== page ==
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How to Strengthen Your Emotional Resilience During Difficult Times to Avoid Professional Burnout

May 5, 2020

By: Dr. Patricia Belhassen Morgan, Instructor and Nikki Harrington, Program Mentor

If you are in human resources or any other field, the COVID-19 pandemic has touched your life in so many different ways. Whether or not you are still working in the office, working from home, or have been laid off, the unprecedented changes may be taking a toll on your emotional resilience. We have seen it on the TV—doctors, nurses, first-responders, and caregivers all facing burnout and compassion fatigue. CEOs and business owners are also faced with difficult decisions on whether to stay open or close down. What about the HR professionals? They are unsung heroes in the background that are steadfastly helping the doctors, nurses, first-responders, caregivers, CEOs, and business owners in their time of need. HR professionals are behind the scenes keeping organizations and all of the employees updated on the changing laws, benefits, pay, sick leave, childcare, and most importantly, complying with OSHA requirements in providing employees with their personal protective equipment (PPE).

So, how can an HR professional strengthen their emotional resilience during these difficult times when they must be socially distant from their normal routines? Well, there are several ways to build up your resilience in this time of crisis. One of the most important ways is to be optimistic. The advantages of optimists are that they have positive expectations about the future. For example, optimists:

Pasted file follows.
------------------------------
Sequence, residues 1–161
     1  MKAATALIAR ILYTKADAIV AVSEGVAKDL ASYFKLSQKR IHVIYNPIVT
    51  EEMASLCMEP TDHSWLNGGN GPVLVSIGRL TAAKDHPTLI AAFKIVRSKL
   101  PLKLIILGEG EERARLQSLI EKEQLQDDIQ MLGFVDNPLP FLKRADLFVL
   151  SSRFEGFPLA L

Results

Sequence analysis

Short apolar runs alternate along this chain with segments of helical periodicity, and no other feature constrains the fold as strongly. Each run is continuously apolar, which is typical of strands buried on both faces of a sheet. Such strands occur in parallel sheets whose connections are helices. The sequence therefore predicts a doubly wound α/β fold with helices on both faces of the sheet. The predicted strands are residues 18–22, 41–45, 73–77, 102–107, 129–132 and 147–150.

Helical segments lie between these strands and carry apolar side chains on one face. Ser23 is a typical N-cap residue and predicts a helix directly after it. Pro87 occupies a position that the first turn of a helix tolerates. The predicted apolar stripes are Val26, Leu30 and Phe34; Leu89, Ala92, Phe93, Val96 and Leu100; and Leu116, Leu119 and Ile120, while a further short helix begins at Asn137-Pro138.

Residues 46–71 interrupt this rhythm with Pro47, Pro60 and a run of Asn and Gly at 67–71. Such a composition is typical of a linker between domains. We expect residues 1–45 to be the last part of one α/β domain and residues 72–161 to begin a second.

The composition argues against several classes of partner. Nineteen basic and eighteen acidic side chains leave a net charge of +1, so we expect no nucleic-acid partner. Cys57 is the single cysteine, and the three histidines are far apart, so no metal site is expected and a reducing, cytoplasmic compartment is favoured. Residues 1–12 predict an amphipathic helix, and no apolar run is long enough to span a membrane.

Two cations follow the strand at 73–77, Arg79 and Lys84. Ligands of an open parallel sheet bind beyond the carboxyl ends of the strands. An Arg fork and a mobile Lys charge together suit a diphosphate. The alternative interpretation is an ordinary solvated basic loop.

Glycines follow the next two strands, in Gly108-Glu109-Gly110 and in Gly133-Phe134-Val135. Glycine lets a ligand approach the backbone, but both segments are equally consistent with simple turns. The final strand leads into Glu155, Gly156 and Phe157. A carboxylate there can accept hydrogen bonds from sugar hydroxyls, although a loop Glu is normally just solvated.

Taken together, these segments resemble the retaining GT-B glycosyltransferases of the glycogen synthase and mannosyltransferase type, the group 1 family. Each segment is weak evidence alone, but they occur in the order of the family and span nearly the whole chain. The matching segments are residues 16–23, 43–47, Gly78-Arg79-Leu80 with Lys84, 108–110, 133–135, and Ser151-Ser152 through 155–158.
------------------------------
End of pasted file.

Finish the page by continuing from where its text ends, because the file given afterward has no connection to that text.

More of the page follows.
• Tend to think things will work out reasonably well.

 • Believe that life is basically good.

 • Look on the bright side of situations. Optimists tend to see problems as solvable. For example—there is almost always a way to get a job done!

• Life can be improved through effort.

• Stress is interpreted as a challenge rather than as a disaster.

On the other hand, if you are naturally a pessimist, you are more likely to feel unhappy and unhealthy, and are more vulnerable to distressing events.

Another tool is to build up your social network virtually. A social support network is made up of friends, family, and colleagues. Your social support system is there to help you during the good and bad times. A social support network provides a sense of belonging and feeling of security. Social support networks also provide a safe place to express and receive support and help to push away feelings of isolation. Finally, a social support network creates an environment in which one can experience positive states, feelings of acceptance, and caring.

What are your ways of building emotional resilience during this time of crisis?

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